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Turkey talk

Brush up on your calls before the season begins

Another wild turkey season is upon us, and turkey calling is an integral part of the hunt. Hunters need to develop their calling skills because turkeys have a complex vocabulary that takes a lot of practice to master.  

The yelp is one of the most important calls a hunter can learn because both gobblers and hens use it. It’s a sequence of notes that sounds like “yawp, yawp, yawp.” In turkey language it means, “I’m over here.” 

The male turkey’s gobble is a loud, fast gurgling sound. He’s letting hens know he’s in the area—and that is music to the ears of hunters. 

The “fly-down cackle” is a series of loud notes that increase in pitch as they near the end. This indicates the turkey is flying out of its roost, usually at daybreak. I’d be remiss if I didn’t at least mention that there’s also a “fly-up cackle.” 

Hunters use a push-button box call to make turkey sounds. Photo: Dave Shuffett

The “cluck” is series of detached notes a hen makes to subtly let a gobbler know she’s in the area. 

The “purr” is a soft, rolling sound indicating contentment while the flock is feeding. 

The “kee kee run” is well, a kee kee followed by a yelp. I know it’s hard to describe these sounds in print; you can find plenty of instructional videos online with actual sound.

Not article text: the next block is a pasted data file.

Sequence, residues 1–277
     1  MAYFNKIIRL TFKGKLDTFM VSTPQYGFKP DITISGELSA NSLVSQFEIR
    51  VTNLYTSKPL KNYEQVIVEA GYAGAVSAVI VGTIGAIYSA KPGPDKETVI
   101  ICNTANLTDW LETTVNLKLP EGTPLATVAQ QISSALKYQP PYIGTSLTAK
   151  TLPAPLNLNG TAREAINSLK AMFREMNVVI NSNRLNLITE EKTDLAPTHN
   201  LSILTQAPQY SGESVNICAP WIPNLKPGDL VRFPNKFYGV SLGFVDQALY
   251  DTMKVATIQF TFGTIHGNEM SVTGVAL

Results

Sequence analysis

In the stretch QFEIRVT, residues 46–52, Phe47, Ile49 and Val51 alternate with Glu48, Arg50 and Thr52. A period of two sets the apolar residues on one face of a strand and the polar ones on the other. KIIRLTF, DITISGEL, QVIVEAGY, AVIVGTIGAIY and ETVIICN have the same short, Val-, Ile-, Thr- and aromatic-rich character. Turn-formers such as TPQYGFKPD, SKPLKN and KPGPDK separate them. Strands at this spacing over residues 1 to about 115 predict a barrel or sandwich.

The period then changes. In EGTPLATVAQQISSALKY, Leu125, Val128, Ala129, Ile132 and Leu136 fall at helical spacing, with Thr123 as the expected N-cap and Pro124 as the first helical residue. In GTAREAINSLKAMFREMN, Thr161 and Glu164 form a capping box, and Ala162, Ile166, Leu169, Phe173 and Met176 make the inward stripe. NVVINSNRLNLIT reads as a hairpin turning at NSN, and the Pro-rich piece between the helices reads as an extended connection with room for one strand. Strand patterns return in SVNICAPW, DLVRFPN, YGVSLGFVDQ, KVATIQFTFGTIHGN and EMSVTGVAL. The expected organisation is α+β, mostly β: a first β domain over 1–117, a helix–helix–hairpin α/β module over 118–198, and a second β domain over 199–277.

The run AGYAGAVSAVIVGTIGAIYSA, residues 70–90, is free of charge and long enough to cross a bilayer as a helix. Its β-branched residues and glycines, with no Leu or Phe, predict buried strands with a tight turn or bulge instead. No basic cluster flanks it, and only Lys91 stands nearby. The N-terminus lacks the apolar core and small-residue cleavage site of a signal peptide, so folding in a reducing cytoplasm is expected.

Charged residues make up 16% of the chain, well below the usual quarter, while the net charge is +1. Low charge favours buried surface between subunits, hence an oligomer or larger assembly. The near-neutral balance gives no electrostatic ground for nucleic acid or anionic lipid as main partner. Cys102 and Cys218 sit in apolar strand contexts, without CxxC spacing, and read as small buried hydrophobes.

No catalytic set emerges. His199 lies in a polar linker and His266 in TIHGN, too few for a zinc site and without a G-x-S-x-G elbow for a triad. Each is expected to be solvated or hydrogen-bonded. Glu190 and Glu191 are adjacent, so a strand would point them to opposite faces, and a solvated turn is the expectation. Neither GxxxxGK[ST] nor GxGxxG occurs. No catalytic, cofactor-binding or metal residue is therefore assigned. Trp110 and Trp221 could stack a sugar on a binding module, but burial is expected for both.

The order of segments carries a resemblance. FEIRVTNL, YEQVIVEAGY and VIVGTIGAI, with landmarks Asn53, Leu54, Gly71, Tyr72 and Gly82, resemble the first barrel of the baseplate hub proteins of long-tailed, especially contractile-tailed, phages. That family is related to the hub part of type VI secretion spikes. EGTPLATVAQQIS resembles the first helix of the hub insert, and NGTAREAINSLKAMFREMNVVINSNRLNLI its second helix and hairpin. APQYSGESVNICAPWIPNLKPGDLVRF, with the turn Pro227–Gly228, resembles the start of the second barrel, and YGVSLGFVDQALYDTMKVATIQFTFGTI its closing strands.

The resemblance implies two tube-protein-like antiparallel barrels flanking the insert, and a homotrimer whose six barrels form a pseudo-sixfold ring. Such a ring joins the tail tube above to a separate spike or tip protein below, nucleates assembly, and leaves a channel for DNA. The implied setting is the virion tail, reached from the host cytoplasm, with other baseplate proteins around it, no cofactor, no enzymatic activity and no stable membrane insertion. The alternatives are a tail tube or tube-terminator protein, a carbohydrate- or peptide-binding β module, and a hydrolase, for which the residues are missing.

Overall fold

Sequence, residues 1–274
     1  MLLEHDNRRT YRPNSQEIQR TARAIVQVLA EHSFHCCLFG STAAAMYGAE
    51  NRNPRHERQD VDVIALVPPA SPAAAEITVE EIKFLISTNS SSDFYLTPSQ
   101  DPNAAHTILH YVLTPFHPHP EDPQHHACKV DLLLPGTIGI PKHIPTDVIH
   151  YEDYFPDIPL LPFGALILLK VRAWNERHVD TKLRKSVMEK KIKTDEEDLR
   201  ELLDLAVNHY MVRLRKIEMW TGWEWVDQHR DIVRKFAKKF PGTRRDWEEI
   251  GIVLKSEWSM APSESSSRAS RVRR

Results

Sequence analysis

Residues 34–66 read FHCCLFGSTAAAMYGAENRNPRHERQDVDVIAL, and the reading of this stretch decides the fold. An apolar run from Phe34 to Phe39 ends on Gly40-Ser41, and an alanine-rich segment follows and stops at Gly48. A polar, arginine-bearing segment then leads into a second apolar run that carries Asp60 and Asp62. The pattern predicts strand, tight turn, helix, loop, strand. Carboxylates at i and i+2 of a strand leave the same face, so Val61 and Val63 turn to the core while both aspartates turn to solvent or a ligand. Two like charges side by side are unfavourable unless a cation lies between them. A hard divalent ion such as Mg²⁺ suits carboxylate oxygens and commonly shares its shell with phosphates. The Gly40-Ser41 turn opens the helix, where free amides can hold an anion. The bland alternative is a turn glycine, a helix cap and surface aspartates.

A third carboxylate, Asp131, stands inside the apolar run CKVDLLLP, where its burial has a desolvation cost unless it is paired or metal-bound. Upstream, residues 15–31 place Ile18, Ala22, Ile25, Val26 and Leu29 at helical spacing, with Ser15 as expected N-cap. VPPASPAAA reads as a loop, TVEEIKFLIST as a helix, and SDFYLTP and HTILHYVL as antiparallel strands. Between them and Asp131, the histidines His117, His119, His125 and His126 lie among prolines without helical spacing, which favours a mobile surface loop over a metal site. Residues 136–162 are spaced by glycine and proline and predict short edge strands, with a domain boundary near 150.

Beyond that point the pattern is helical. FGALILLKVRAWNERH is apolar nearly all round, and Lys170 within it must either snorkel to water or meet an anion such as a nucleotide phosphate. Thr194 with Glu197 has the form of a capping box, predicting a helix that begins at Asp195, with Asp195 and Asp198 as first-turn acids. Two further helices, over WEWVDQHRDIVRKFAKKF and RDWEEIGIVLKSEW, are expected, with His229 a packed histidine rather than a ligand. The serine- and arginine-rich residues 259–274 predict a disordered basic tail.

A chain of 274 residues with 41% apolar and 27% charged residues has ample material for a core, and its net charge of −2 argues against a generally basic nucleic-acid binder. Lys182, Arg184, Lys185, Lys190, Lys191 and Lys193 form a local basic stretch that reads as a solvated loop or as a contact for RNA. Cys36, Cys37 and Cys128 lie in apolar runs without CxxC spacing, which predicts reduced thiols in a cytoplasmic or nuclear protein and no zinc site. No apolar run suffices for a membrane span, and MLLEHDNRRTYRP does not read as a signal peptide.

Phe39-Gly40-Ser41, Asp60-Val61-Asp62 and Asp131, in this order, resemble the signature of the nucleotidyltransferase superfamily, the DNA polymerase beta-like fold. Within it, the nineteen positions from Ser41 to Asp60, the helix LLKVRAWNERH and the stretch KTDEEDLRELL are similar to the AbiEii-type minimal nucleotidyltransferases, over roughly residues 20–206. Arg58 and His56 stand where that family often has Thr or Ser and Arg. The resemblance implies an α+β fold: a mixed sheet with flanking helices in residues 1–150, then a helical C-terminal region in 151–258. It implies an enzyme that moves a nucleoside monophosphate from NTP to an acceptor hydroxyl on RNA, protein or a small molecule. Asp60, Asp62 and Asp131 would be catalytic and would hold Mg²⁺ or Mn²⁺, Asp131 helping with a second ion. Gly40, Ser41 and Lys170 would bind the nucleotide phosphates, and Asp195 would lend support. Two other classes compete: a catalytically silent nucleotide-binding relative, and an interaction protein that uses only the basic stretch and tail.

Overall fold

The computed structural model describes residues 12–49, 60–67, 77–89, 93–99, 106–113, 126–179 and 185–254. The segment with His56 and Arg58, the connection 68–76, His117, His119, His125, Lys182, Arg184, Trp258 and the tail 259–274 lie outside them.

If you want to learn advanced turkey and become fluent, it’s almost like learning a foreign language. You’ve got the “excited yelp,” the “assembly call” and the “putt,” among many vocalizations. 

So, how do you imitate these calls? The easiest device to use is the push-button box call, popular among beginning turkey hunters. It produces realistic turkey sounds using friction by pushing a spring-held wooden dowel through a small hole in a wooden or plastic box. 

A basic box call creates friction when a lid, loose on one end, slides across the surface of a box. 

The pot and striker call creates turkey language when the striker is rubbed on the surface of a round disk made of slate, glass or ceramic materials. 

Finally, the diaphragm call, also known as the mouth call, is small enough to be inserted into your mouth. These calls have latex or rubber reeds that vibrate when air passes over them, freeing up the hunter’s hands. 

If you’re an expert caller, and you believe you know turkey language through and through—think again. You probably don’t, and it never hurts to practice.

DAVE SHUFFETT is an outdoorsman, public speaker, television host, writer and author of My Kentucky Life

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